# How to calculate/use horizontal coefficient of restitution value for basketball?

I'm trying to run an experiment in which a basketball is dropped straight down with a certain angular speed and then undergoes a bounce. My goal is to create a relationship between the initial angular speed of the ball and its horizontal displacement between its first two bounces. After some research, here's what I've found:

$$v_{x_{2}}=\frac{(1-\alpha e_x)v_{x_{1}}+\alpha(1+e_x)R\omega_1}{1+\alpha}$$ Of course, if the ball is dropped straight down, the initial horizontal velocity should be zero, meaning one can drop the first term. All the same, I have two questions.

(1) Would it be incorrect to split $$v_{x2}$$ into $$(t)(s_x)$$ where t is the duration of time between the first and second bounce and $$s_x$$ is the horizontal displacement? For some reason this feels wrong, but I'm not sure.

(2) What do I do with horizontal coefficient of restitution ($$e_x$$)? How could I calculate/approximate this value? Would it be wrong, for instance, to assume energy conservation and just give it the value of 1?

Thanks for any and all suggestions and help!

## 1 Answer

I will take a stab at this with a few assumptions. I will assume that on the first bounce when the basketball comes in contact with the floor, it will continue spinning for a time. This will create a frictional force between the ball and the floor. This force will product a torque slowing the spin and will also linearly accelerate the ball in the horizontal direction.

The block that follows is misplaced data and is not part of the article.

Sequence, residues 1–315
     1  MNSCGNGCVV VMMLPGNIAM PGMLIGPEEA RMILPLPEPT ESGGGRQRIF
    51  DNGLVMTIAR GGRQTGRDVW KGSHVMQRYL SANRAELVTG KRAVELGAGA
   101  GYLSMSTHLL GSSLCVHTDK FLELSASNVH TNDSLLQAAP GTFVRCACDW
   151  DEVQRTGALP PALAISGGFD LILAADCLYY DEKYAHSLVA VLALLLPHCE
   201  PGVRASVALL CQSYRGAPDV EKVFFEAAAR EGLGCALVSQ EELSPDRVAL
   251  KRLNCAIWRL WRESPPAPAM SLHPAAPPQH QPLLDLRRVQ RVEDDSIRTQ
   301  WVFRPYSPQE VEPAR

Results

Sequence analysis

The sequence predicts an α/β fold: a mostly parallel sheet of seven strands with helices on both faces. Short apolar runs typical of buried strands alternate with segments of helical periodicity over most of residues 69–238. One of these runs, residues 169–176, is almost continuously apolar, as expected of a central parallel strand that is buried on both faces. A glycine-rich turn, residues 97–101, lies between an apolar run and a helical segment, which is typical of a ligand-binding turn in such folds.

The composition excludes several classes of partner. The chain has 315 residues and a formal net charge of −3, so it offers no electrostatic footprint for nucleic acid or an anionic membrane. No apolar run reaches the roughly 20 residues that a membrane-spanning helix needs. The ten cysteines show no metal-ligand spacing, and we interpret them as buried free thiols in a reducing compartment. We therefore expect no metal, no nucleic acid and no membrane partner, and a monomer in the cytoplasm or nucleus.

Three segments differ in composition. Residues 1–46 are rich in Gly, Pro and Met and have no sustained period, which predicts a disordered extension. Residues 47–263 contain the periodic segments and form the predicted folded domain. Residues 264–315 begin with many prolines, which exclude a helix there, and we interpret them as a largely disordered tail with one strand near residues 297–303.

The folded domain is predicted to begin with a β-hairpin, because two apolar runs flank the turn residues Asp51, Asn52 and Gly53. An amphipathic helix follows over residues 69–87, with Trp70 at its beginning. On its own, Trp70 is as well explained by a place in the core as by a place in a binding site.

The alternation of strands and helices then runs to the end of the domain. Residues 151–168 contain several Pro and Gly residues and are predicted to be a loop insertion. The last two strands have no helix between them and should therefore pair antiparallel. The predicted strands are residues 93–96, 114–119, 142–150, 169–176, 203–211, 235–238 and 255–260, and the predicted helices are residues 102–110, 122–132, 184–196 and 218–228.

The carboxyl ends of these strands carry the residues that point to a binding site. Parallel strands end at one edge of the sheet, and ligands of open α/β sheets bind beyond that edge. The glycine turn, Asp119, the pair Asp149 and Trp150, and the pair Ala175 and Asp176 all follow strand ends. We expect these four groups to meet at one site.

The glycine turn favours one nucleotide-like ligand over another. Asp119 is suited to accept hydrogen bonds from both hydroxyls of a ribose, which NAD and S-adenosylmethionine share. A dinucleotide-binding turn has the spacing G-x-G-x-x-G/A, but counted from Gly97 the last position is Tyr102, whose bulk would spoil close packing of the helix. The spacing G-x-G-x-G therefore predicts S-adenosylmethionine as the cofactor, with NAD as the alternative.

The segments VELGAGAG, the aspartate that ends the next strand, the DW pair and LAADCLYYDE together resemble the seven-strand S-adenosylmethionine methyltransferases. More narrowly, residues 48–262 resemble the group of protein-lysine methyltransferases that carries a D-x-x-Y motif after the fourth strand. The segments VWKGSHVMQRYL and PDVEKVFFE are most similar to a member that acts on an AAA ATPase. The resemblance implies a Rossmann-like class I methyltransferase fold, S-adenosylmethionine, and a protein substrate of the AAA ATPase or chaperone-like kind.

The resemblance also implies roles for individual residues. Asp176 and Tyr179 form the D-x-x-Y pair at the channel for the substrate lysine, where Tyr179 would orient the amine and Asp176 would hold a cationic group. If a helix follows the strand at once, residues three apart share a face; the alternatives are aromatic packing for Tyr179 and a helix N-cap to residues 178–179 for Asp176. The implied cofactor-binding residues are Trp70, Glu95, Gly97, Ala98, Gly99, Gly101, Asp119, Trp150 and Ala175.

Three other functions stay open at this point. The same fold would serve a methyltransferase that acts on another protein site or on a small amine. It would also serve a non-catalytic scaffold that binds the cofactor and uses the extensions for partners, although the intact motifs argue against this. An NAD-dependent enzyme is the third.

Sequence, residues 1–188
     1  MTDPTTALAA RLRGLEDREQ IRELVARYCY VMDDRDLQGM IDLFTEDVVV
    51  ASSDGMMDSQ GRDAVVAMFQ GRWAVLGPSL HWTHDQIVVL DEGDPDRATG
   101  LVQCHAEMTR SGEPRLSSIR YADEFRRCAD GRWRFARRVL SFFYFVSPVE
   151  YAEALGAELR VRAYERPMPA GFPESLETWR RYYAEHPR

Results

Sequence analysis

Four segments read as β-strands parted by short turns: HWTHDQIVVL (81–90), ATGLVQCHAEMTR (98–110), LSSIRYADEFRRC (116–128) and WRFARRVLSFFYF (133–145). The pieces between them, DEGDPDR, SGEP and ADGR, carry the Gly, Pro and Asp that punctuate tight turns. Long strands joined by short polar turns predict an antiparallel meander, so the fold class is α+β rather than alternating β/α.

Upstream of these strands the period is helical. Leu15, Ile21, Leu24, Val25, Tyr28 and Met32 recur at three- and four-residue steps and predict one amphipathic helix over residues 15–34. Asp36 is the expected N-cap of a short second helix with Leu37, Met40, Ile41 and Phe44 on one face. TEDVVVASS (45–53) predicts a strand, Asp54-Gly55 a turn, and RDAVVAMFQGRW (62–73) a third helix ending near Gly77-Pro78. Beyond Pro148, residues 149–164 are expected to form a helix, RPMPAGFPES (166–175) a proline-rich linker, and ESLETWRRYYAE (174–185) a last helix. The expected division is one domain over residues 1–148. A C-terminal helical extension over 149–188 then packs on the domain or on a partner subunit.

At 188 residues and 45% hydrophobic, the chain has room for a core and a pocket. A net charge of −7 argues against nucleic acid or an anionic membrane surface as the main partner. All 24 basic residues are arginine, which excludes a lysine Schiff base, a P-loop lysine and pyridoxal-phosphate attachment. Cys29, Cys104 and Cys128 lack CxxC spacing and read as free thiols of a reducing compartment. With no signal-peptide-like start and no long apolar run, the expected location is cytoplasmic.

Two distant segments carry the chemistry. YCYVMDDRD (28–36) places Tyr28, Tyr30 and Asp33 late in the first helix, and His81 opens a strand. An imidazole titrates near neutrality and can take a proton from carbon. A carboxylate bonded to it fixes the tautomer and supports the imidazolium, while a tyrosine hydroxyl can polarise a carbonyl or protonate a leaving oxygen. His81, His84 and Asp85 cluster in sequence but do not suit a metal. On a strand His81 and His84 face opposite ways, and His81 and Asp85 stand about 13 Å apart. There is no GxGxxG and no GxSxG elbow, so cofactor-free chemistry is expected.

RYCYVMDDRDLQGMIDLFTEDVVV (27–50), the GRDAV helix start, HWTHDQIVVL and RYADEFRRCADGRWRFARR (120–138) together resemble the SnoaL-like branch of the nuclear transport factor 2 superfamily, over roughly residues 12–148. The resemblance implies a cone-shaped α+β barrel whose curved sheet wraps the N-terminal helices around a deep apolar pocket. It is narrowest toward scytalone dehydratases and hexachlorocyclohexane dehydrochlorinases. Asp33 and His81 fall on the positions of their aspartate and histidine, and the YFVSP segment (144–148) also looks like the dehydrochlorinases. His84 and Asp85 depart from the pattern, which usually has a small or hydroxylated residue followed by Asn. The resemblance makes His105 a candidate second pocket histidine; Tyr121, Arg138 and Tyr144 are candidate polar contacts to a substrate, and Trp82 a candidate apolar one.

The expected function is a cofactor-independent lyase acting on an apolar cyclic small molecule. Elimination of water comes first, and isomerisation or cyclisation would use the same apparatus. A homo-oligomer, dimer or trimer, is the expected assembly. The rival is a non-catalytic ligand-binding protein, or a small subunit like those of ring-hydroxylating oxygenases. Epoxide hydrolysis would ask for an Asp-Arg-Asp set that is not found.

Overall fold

I am also going to assume the ball remains in contact with the floor long enough to achieve pure rolling before leaving the floor. I believe this to be reasonable for a moderately rough floor or cement, but may not work for a very slippery floor.

Take the basketball to be a hollow sphere. The moment of inertia about a diameter is:

$$I=\frac{2}{3} m R^2$$

Call the friction force $$f$$, the equation for the angular velocity $$\omega$$ becomes:

$$I\ \omega '(t)=-f\ R$$

and if we take the initial angular velocity as $$\omega 0$$ we get

$$\omega=\omega 0-\frac{3 ft}{2 m R}$$

The equation for the horizontal velocity $$v_x$$ is:

$$v_x'(t)=\frac{f}{m}$$

For an initial horizontal velocity of $$0$$ we get

$$v_x=\frac{ft}{m}$$

The condition for pure rolling is:

$$v_x=R\ \omega$$

from which we can solve for $$f t$$.

$$ft=\frac{2 m R \omega 0}{5}$$

which gives the horizontal velocity after the first bounce as:

$$v_x=\frac{2 R \omega 0}{5}$$

You can also compute $$\omega$$ if you want. After the first bounce the ball's $$v_x$$ and $$\omega$$ match each other for pure rolling, so those values should remain constant, barring other external forces.

Vertical velocities at each bounce from the coefficient of restitution and their subsequent times of flight should be straightforward.

If contact is not long enough to achieve pure rolling, then more information concerning coefficient of friction and time of contact is necessary to work the problem by this method.